The Queen's Jubilee: How long has the Queen been on the throne and how old was the Queen when she became Queen?

Here’s all you need to know about how the Queen took the throne and how long she has been ruling.

As the Platinum Jubilee comes closer and celebrations begin to get underway to celebrate the anniversary of the Queen taking the throne, it’s time to look back through the decades to the events that led to Princess Elizabeth becoming Her Majesty The Queen.

Princess ‘Lilibet’, as she was affectionately known among family, was not the heir when she was born, but actions from her uncle set her on the path to the Crown. Here’s what you need to know about how long the Queen has been on the throne and the events leading to her coronation.

Sign up to our History and Heritage newsletter

Read More

Read More
Jubilee 2022: When is the Jubilee Bank Holiday and what is a Platinum Jubilee?

How old was the Queen when she became Queen?

The Queen was born on April 21st, 1926 and ascended to the throne 1952. Her coronation took place on June 2nd, 1953, although King George died over a year previously on February 6th, 1952. That made her 27 years old when she was crowned queen after her father’s death, although she was 25 years old when he died.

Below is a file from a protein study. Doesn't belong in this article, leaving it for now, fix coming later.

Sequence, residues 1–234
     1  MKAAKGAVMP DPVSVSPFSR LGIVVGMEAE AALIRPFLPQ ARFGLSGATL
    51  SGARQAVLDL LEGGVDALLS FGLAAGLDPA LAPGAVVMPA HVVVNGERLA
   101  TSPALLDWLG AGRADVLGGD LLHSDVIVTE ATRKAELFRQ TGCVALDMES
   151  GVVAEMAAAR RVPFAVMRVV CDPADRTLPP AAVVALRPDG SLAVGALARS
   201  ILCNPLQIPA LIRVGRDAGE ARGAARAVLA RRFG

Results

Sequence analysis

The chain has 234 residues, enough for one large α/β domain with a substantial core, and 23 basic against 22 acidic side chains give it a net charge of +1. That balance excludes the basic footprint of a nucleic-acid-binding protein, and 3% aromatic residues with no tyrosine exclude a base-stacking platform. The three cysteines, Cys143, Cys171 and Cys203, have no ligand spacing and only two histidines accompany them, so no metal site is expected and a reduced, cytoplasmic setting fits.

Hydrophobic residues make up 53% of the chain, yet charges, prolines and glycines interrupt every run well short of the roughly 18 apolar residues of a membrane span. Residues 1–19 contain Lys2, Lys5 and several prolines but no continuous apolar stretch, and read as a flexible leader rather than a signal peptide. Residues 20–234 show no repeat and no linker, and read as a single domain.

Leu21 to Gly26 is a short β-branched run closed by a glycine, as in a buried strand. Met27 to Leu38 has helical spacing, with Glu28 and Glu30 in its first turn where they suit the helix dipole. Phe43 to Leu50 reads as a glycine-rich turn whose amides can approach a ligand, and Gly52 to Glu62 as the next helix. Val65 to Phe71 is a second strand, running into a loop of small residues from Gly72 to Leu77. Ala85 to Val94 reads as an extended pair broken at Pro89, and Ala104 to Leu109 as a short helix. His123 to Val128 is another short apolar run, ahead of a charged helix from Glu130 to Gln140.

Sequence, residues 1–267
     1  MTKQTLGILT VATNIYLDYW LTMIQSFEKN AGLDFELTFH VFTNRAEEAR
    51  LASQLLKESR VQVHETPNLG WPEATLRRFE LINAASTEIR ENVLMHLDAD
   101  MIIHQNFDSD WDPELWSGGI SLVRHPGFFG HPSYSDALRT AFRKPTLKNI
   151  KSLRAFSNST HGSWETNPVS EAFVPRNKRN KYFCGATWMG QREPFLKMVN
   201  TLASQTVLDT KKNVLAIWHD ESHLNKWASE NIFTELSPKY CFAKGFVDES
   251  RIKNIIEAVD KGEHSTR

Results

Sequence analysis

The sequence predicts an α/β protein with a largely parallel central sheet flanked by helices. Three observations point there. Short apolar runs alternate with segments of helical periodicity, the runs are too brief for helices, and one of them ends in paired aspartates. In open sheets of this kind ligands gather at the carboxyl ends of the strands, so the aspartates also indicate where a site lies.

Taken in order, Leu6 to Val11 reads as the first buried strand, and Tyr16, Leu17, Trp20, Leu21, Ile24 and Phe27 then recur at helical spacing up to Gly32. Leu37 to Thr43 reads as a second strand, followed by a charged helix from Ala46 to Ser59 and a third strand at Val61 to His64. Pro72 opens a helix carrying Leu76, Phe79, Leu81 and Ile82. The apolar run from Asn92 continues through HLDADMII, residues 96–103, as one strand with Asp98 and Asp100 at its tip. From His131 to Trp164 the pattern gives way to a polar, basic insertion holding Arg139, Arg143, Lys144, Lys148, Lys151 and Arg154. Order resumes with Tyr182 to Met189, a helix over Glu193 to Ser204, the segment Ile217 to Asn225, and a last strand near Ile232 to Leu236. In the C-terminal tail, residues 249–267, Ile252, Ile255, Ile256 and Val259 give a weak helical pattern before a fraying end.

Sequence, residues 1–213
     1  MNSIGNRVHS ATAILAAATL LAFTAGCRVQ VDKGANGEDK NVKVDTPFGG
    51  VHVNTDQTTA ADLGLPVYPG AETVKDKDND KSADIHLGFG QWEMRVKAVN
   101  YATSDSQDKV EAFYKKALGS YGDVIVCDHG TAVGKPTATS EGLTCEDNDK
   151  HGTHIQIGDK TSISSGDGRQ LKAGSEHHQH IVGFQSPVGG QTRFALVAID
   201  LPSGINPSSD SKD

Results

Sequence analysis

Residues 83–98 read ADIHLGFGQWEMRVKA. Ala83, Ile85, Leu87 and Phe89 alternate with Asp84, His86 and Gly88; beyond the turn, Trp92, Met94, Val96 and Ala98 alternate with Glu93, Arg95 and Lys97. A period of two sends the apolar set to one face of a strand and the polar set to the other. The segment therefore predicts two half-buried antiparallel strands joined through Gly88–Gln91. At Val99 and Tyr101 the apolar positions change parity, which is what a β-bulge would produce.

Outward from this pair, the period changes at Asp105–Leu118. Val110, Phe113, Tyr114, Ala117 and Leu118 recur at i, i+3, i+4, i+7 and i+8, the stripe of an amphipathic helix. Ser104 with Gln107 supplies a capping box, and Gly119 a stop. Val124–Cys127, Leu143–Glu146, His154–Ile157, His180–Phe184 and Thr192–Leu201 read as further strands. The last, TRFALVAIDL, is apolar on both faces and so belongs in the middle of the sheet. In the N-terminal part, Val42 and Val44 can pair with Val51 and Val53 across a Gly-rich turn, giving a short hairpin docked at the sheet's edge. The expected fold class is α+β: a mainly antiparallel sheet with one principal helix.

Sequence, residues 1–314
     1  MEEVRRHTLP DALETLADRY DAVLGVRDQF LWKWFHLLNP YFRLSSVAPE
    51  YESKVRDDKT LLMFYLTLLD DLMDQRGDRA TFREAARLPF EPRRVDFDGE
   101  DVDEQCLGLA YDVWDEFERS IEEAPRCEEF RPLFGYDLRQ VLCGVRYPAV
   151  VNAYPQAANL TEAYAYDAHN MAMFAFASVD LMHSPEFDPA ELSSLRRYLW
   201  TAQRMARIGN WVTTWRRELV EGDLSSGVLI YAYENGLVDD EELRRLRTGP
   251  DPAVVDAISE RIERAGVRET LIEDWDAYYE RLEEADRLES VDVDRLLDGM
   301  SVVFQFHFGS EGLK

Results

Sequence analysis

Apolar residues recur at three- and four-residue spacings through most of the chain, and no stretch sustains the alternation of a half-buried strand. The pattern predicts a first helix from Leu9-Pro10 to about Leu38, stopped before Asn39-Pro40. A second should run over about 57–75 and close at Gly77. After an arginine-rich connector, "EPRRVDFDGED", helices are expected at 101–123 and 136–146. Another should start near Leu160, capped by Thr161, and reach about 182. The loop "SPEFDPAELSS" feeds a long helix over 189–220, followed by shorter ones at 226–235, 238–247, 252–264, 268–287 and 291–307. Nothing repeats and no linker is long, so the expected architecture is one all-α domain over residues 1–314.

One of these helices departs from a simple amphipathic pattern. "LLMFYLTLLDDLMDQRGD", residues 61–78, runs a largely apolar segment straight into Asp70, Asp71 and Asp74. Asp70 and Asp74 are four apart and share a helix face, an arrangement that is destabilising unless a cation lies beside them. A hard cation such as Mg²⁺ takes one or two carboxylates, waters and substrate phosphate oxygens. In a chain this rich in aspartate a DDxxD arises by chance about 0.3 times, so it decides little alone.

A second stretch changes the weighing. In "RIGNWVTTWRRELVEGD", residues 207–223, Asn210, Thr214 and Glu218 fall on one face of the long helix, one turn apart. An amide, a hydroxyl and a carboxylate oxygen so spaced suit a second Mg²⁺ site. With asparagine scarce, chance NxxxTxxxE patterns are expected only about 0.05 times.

She is the longest-reigning monarch, having overtaken her great-great-grandmother Queen Victoria’s record of 63 years and 216 days in 2015, and only the sixth woman to ever ascend to the British throne.

The Queen has been largely popular throughout her reign and spent the early years of her reign modernising the Crown’s image, including moving the Queen's Speech to television for the first time in 1957.

The Queen is the longest reigning monarch in British history. Photo: Scott Heppell - WPA Pool/Getty Images.

How long has the Queen been on the throne?

As she’s celebrating her Platinum Jubilee this year, that means the Queen has been on the throne for seventy years.

It was never suspected that Princess Elizabeth would take the throne, as the child of Prince Albert, Duke of York, who was the younger son of King George V. The throne was assumed to go to the Queen’s uncle, King Edward VIII.

The Royal Coach carrying the Queen and Duke of Edinburgh as it approached Admiralty Arch on the way to the Abbey on Coronation day. Photo: Harry Shepherd/Fox Photos/Getty Images.

However, King Edward abdicated in order to marry an American divorcée, Wallis Simpson, who was not deemed an appropriate wife for a king. As he didn’t have any children, the throne went to his younger brother, the Queen’s father.

Prince Albert became King George VI, making the then-Princess Elizabeth the heir to the throne.

 0 comments

Want to join the conversation? Please or to comment on this article.